- Your opportunity to show the blog host that you read his/her blog
- Connect with new readers
- Mutually beneficial when done well
A guest blog post is not…
- To be taken lightly
- To be re-posted anywhere else on the internet
- A way to shamelessly promote an item/service of yours without some sort of tie-in
Today I am going to share some tips for crafting a guest blog post that not only entertains readers but also benefits both you, as the guest blog post writer, and the blog host.
Make a list of the themes of your blog, consider the types of posts you already published that new readers may find particularly interesting. For each idea, list how you can incorporate links to your previous posts on similar topics to get readers to click over to your blog.
Example: If you are sharing a post about scrapbooking while traveling, you can probably link to posts you published about your essential tools, how you plan ahead for a scrapbook page, and to a post about how you plan for a long trip. If you recently created travel scrapbook kits you are selling online, this would be the perfect time to promote them!
Narrow down your ideas to 2 you really think are winners.
*Amy’s note: Having trouble coming up with ideas? Here are 365 blog post topics to start with.
2. Do your Research
First, do your topics match what is being shared on the host blog? If I am going to share a guest blog post about scrapbooking, I need to make sure that the host either blogs about scrapbooking or find a way to tie in this idea with the themes she does talk about…maybe memory keeping, traveling, or general crafts.
Here’s a question…has the blog host already posted about this topic? If you are a long-time reader with an excellent memory, you may be able to answer this question easily, but if you’re anything like me and apt to second-guessing…do some research. Search the his/her blog using a search bar or tags/labels, if available. Search the different dedicated pages to the overarching topic.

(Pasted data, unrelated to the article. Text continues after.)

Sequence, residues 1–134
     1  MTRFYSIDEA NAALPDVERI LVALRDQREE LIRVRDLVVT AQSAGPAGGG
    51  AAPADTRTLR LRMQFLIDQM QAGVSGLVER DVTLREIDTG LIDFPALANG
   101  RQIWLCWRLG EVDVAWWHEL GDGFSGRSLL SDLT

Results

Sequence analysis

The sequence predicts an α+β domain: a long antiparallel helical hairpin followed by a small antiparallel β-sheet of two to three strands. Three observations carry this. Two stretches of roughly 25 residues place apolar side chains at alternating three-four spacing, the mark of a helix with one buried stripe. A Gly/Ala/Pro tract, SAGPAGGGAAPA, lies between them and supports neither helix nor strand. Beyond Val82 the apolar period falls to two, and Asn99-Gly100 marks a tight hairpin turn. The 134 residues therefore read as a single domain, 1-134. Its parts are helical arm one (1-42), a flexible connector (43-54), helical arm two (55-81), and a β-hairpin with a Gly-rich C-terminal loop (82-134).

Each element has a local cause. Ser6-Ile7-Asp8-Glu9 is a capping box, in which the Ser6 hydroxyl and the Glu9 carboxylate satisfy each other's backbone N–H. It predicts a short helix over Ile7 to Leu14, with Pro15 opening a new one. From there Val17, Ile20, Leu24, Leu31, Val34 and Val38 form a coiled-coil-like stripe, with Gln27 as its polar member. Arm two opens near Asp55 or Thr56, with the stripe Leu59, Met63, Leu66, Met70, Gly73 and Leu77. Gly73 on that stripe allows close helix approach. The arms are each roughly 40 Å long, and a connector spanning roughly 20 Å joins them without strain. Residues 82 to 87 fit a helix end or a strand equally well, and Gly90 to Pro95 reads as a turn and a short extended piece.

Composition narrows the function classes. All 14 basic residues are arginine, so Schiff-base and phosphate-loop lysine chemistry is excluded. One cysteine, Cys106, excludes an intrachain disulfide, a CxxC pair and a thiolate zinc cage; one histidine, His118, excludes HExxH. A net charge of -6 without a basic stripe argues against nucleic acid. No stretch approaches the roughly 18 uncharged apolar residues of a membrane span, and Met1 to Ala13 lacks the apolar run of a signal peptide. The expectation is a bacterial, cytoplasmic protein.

Be sure to bookmark or make note of blog posts on the host site that may support your post. Linking to Amy’s books for her cruise in Alaska or how she prepared for December Daily would show that I read her blog and will really streamline the guest post in with her work.
Using my example above about a scrapbook-themed guest blog post, I would search Amy’s site for keywords like ‘scrapbook’, ‘travel’, ‘kit’, road trip’, ‘mini-album’, and ‘scrapbooking’.
3. Write Your Pitch
You came up with your idea, you made sure there wasn’t a similar post already, you found additional posts to link to from the host site, and you’re ready to start writing…but wait! Let’s get it cleared first!
Amy recently posted a great set of guidelines for guest posting on L&R and she does a fantastic job of being specific with her request for a pitch. Why write a pitch? Because the blog host should know what you are planning on sending in before you start to write. It’s only fair and it gives you and the blog host time to work out any kinks and decide if the post is going to be mutually beneficial. Also…s/he may be writing up the same post! (In that case, pitch the idea of swapping posts on the same day to drive traffic back and forth…you host his/her post on the topic and s/he hosts your post!). Another idea is to start the guest blog post on one blog and finish the post on the other. Amy shared some reasons why a self-hosted WordPress may be a better choice than Blogger on Campfire Chic and continued the discussion in more detail on Lemon & Raspberry.
Be sure to include: Why you think the post is worthwhile, dates you would prefer (for example, I prefer a Monday or Tuesday publish date over Saturday or Sunday), and an example photo if you have one available.
4. Write the Post
Once your pitch is accepted, start writing! Even with a deadline, it does not hurt to get the post drafted early. I suggest giving yourself a deadline of two days prior to the agreed upon deadline to build in time for adjustment or modification requests from the blog host.
Make sure your post has:
- A title with strong keywords (How to Plan Ahead for Scrapbooking While Traveling). Some blog hosts may simply put “Guest post with Kam from Campfire Chic” as the title. Seeing that in a reader will make very few people click over (sad, but true!)
- Some sort of ‘takeaway’ – What will readers learn from this post?
- The links you found earlier with quality anchor text (instead of click here use the links within a sentence “I am planning for our annual trip to Mammoth and hope to make a mini album similar to my December Daily album to document our trip on the go”)